CAIRO (Reuters) - South Africa have impressive plans for the development of soccer in the country but need to be better at putting them into practice, according to national team coach Stuart Baxter.
After seeing his side knocked out of the Africa Cup of Nations (Afcon) in a 2-1 defeat by Nigeria on Wednesday, the Englishman began addressing the “big question” of the team’s future.
“It’s not only talking about Bafana Bafana as a team, you are taking about individual players, their experiences playing abroad, you are talking about the youth development of the country, you are talking about talent identification, coach education,” he said.
“So we have some very good plans in South Africa but the word implementation needs to be stronger.”
Baxter added: “I think if we can continue the development programme, the Bafana Bafana will gain from that — but it needs supporting. Any strategies we have to develop football needs to be supported by everybody.”
Although Baxter did not mention the South Africa Football Association (SAFA) directly, his remarks appeared aimed at them.
He has never been afraid to hide his irritation with the governing body, telling them last year to “get their house in order” after they dallied over setting up friendly internationals.
South Africa, who won Afcon at the first attempt in 1996 but have not been able to replicate that success, made it out of the group phase for only the second time since the 2002 finals.
They sneaked into the last 16 as the fourth best of the six third-placed teams in the group stage with performances which earned some fierce criticism back home but then stunned hosts Egypt 1-0 before losing to a late Nigeria goal.
Baxter said it had been a “long and difficult” journey since he began a second stint in charge of the side in May 2017.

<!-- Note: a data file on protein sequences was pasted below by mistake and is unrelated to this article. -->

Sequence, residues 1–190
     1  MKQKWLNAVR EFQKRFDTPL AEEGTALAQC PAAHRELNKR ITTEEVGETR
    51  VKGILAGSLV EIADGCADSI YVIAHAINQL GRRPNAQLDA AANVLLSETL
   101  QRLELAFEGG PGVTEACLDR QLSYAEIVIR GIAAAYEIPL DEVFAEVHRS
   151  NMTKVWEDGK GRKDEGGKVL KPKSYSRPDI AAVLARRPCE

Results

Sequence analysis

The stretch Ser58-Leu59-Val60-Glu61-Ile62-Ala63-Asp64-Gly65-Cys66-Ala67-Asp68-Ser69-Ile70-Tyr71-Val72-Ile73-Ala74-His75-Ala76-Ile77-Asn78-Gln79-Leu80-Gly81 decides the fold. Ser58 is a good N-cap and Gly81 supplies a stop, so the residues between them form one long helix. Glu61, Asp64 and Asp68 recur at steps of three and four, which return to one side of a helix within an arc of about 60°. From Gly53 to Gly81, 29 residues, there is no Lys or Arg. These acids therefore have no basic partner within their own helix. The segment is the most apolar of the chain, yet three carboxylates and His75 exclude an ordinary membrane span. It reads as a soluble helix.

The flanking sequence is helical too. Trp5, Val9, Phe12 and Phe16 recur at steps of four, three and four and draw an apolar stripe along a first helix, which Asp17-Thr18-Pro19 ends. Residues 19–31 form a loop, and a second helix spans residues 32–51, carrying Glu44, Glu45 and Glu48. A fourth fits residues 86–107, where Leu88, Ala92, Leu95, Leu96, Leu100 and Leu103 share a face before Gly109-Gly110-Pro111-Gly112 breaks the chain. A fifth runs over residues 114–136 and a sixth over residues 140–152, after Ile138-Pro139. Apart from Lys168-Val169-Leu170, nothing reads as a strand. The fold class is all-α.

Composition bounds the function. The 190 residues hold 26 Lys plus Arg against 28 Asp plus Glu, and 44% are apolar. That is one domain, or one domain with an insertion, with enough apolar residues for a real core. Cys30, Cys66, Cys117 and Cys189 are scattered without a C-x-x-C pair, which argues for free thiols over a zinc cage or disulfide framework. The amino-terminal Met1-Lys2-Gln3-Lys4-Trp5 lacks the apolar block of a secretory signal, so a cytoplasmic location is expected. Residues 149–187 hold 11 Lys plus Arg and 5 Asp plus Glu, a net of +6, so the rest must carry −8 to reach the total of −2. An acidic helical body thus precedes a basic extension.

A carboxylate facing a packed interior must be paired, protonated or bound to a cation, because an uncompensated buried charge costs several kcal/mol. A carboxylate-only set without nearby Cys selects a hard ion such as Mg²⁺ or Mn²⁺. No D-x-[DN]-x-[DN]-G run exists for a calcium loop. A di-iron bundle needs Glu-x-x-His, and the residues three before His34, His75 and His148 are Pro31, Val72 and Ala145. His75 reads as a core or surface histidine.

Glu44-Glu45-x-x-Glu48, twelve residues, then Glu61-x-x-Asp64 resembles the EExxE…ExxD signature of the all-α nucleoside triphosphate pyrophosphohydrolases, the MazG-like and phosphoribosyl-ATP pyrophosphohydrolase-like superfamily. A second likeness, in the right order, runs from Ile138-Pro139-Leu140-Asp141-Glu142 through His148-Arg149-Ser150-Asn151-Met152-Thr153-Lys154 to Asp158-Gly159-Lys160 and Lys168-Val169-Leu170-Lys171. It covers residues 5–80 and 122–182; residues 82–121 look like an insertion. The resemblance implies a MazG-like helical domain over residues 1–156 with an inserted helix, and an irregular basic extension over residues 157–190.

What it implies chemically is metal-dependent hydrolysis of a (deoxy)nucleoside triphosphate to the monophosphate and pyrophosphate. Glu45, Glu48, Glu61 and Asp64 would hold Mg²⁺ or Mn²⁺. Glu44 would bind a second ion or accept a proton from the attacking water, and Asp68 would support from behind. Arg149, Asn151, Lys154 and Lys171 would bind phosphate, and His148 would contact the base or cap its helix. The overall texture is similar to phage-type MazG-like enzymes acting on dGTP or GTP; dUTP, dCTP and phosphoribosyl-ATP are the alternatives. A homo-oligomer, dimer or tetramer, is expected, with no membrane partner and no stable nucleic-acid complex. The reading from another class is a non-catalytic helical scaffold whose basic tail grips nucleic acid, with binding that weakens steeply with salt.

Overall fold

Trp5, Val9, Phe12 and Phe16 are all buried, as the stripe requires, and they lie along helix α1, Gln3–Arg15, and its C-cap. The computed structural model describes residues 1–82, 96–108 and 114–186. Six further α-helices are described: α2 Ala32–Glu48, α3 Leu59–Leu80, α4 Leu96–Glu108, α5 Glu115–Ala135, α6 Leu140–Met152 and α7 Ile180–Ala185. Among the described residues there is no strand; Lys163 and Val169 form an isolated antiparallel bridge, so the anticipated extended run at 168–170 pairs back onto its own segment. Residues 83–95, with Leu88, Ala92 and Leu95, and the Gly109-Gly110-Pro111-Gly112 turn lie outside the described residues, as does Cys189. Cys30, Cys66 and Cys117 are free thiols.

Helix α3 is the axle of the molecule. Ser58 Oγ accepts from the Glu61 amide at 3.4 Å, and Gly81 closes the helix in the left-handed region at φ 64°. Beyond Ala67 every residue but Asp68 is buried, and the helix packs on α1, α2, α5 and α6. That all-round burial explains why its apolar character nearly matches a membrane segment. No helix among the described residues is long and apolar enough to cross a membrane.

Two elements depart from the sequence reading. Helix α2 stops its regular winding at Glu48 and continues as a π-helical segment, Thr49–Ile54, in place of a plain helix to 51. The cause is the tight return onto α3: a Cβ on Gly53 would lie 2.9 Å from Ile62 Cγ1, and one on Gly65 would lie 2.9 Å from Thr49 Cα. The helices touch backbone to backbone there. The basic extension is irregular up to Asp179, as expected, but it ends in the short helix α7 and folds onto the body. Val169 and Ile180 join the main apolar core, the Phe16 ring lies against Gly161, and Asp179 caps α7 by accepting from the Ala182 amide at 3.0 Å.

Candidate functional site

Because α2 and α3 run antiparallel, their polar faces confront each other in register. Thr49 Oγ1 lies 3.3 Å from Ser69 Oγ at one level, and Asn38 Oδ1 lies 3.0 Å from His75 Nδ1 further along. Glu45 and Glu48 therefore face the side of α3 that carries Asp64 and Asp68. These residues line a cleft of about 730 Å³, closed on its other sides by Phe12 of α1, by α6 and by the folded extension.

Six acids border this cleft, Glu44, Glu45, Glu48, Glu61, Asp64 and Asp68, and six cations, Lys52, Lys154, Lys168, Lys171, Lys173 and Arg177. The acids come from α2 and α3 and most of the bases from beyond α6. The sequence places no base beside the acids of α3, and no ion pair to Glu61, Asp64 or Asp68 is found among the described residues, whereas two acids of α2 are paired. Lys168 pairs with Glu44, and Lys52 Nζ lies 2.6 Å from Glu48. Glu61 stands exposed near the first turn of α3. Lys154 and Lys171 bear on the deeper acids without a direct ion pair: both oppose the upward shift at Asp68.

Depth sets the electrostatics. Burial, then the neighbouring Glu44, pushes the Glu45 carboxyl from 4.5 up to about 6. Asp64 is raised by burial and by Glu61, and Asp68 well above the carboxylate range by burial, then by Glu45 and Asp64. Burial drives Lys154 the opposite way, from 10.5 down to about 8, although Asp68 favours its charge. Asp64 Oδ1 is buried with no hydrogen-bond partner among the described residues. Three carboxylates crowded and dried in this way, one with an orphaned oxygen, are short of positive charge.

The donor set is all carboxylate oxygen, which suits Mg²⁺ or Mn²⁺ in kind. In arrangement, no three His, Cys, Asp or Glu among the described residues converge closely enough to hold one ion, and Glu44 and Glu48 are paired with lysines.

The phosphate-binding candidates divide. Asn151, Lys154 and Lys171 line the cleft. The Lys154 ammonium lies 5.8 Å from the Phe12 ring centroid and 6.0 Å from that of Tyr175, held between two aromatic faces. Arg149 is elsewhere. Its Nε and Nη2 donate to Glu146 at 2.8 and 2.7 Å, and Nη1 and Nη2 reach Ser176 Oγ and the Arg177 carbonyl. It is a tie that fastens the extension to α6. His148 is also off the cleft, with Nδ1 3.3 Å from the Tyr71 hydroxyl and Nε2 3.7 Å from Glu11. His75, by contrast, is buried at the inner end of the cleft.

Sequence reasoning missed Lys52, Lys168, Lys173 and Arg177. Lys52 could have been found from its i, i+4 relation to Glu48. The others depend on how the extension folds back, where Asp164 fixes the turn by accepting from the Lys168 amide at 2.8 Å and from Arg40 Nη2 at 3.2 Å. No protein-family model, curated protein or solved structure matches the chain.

He began with a shock away win to Nigeria in their opening Afcon qualifier but that was followed by a disastrous World Cup qualifying campaign where home-and-away defeats by Cape Verde scuppered their chances of going to Russia.
However, they then went on a 15-match unbeaten run which ended with defeat to Ivory Coast in their opening Afcon match.
“Since we played that game in Nigeria, there has been a massive change in the face of the squad,” said Baxter. “I think we have had 30 debutants during the last two years.”
“It’s been a difficult journey because as a coach, if you make changes, sometimes it’s very popular. You bring in some young players, that’s very popular. But if you lose games, and you don’t do very well, it isn’t.
“We came to here, really, to try and give this team experience of a major tournament they hadn’t had. I’m sure the experience will do the players good, but you have to learn. You have to learn and adjust and be better, so we need to be better.”
Writing by Brian Homewood; editing by Sudipto Ganguly